The saying “It takes a village to raise a child,” has been proven to be accurate by the Northwest Arkansas Children’s Shelter (NWACS). NWACS is the largest children’s shelter in the state, and it is dedicated to caring for children who have encountered abuse and neglect, providing them with a caring, stable, high quality environment.
Since 1993, the NWACS shelter has taken care of more than 8,200 children from many different areas in Arkansas, and it continues to provide a home for children in need. The shelter takes in children up to age 17 and has a total of 48 beds, providing the children with on-site counseling services, on-site schooling and tutoring. The establishment sits on 90 acres and has a cafeteria, an on-campus golf course, a fishing pond, a volleyball court, a gym and a basketball court. The NWACS is an emergency shelter and houses the children for a span of 45 days to 6 months until the state makes a decision on whether it is more suitable for the child to be reunified with their parents or taken to a proper foster home.
Annually, there are approximately 3 million reports of child abuse and neglect in the United States. In 2015, the Child Welfare League of America reported that Arkansas had a total of 52,240 referrals for child abuse and neglect, with 33,251 cases being investigated. Though the number of child victims has decreased by 17.1 percent since 2011, 4,548 children in Arkansas lived apart from their families in 2015 for out-of-home care. Of these children, 55.3 percent were neglected, 22 percent physically abused and 20.7 percent sexually abused. Despite the circumstances of their arrival at the Northwest Arkansas Children’s Shelter, the staff at the shelter welcomes these children with open arms, helping them to understand that what they’ve gone through does not define who they will become.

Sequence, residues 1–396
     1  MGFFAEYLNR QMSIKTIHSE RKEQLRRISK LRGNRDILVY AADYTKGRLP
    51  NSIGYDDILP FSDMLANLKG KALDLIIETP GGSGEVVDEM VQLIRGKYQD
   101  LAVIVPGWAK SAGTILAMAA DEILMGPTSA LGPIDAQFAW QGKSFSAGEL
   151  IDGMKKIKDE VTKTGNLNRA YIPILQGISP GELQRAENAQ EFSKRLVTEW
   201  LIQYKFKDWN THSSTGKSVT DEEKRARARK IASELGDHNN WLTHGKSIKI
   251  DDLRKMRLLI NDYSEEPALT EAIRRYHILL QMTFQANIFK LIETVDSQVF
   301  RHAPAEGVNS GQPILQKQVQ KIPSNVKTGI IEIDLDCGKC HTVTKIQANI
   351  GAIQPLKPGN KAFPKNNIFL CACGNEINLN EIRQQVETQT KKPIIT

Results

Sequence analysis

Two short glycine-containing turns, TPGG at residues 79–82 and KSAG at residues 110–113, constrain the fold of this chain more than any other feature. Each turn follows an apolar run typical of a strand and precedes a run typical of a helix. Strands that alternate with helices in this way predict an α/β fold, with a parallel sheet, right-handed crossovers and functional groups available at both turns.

Not only does NWACS provide care to children affected by child abuse and neglect, but it also enlists the help of the community around it. Not too far from the shelter is the Hanna Family Ranch, owned by Will and Waltina Hanna. Married for 31 years, this couple began working with the shelter as volunteers, and then started working with the organization full time, allowing children from the shelter to visit and interact with their farm animals.The children sometimes walk over to the farm with a therapist, and this has helped many children open up and express their feelings. The children marvel at the pigs and piglets, Katahdin Hair sheep and lambs, and chickens and dogs. The animals help the children build trust and empathy, and remove them from their surroundings at the shelter for a short time. They enjoy interacting with the animals, and Will and Waltina sometimes assign the kids small jobs to help take care of the animals, such as feeding them. The fresh air and change of scenery creates important down-time for the children and the Hannas have grown to truly care for the children from the shelter, along with the staff and other volunteers.